The rich have a tendency to sit on their money, and greatly reducing the tax on them is not going to encourage growth, investment in the amount necessary to make up for all the lost tax money. I am also curious about how you expect the country to not implode when you cut the tax revenue by something like over 2/3rds, which means the government will have to cut spending by over 2/3 which would destroy many jobs, causing huge unemployment.
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    (Original post by Princepieman)
    christ almighty

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    There was a tax rate of 98% at one point....

    'With the investment income surcharge this raised the top rate on investment income to 98%, the highest permanent rate since the war. This applied to incomes over £20,000 (£187,970 as of 2015),. In 1974 750,000 people were liable to pay the top-rate of income tax'

    In 1979 top rate was reduced from 83% to 60% and the basic rate from 33% to 30%...
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    (Original post by Princepieman)
    Yeah, taxes + NI is high in the UK aha, nothing new here. If you want lower taxes go work in Singapore, Dubai, HK, or Switzerland.

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    Life's good here
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    (Original post by EzBB)
    I completely agree, we should introduce fairer, flatter taxes. It is unfair that our current tax system penalises success and ambition, a reduction to a 20% flat tax would encourage growth, encourage investment and would allow people to keep more of their money to energise the economy and encourage saving.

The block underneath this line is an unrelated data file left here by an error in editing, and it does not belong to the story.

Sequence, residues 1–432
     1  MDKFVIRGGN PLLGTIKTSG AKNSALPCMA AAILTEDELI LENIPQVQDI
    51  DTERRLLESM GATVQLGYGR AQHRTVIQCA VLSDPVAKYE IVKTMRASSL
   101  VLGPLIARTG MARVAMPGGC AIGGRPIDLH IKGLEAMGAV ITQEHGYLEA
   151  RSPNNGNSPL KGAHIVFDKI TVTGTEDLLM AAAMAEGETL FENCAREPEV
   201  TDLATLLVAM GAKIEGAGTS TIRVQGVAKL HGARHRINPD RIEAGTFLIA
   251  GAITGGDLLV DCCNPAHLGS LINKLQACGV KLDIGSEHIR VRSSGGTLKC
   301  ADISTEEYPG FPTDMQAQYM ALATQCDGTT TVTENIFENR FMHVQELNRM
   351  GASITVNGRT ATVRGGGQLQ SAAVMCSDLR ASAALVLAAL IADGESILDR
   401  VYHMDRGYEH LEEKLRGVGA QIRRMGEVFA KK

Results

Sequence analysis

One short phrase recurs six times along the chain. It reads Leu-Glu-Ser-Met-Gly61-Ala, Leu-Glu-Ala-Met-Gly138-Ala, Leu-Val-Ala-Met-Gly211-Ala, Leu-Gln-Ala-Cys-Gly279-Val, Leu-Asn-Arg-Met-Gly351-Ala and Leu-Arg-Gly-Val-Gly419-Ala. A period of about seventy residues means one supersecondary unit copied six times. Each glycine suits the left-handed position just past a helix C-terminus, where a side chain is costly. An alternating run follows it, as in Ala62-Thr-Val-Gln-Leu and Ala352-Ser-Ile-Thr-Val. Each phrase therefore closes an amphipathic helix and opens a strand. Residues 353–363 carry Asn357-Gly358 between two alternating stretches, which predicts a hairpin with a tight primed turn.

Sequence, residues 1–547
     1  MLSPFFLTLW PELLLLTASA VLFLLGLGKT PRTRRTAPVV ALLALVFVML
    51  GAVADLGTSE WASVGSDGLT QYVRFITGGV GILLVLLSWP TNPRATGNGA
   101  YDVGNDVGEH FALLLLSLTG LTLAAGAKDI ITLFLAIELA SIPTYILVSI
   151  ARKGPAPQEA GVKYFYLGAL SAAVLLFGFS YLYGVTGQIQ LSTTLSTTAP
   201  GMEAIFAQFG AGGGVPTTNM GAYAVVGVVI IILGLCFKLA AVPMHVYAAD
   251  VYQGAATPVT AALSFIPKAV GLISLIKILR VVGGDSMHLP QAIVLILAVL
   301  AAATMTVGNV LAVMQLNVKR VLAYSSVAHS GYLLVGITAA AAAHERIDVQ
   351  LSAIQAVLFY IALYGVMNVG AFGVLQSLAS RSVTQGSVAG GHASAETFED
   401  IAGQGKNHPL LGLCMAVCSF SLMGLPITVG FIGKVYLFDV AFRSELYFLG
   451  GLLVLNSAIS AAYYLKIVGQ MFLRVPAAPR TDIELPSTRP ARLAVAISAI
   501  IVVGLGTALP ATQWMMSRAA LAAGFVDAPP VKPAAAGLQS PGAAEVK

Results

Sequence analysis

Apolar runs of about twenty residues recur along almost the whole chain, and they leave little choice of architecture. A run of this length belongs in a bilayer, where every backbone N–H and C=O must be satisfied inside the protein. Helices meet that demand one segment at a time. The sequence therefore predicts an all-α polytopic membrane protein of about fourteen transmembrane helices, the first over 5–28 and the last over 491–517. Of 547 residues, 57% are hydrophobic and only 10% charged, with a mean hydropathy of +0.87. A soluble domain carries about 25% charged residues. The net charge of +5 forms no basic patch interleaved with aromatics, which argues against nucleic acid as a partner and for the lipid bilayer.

I'm by no means a leftie but this is so counterproductive towards the lower end of the scale. Progressive taxes make it very beneficial to work if you're poor and start getting out of the poverty and benefits trap.

    I'm a big fan of the 12,500 tax free allowance.

    You're saying that poor people should pay 2.2k on that 12.5, just so the rich can get more on their huge pay packets?

    Who do you think that helps more? I can tell you 2.2k is a LOT of money to someone earning 12k or so.

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    (Original post by Ladbants)
    But I never knew they were this high. £100000 a year just seems not worth it anymore when you have to give any so much of it.
    You do realise £65,000 is still A LOT of money, right? Also, taxes pay for health, education and lots of other important things we need for a functioning society. Would you rather have £100,000 but have to pay for your child to go to primary school and pay for an operation, or have £65,000 which you can spend on whatever the **** you like


    This thread is stupid it's like saying "I earn £20,000 but after paying rent, taxes and bills it is less than this."
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    (Original post by inhuman)
    Life's good here
    I can imagine.. Plus the strength of the franc vs weakness in the pound makes it even more enticing. Is cost of living as bad as people say?

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    (Original post by zayn008)
    That's why most people work a system where their salary is less but they get a Christmas bonus, seems to work.
    Really? The bonus gets hit at a higher marginal rate..

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    (Original post by meenu89)
    There was a tax rate of 98% at one point....

    'With the investment income surcharge this raised the top rate on investment income to 98%, the highest permanent rate since the war. This applied to incomes over £20,000 (£187,970 as of 2015),. In 1974 750,000 people were liable to pay the top-rate of income tax'

    In 1979 top rate was reduced from 83% to 60% and the basic rate from 33% to 30%...
    And companies paid the income tax too. How people could make money in these times is a mystery.
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    In my opinion, they should keep the taxation rate the same above a certain salary of course. People who earn more will pay more regardless but the proportion they pay will be the same.

    Assume taxation rate was 20% at all prices. A person earning 40k would take home 32k and a person earning 100k would take home 80k. The higher earning person lost more money, but proportionately is balanced out. The fact that at higher salary slabs you have a higher rate is ridiculous. It leads you to paying a MUCH higher amount then you should have to.
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    Surprised no one has mentioned that tax is a means of reducing inequality...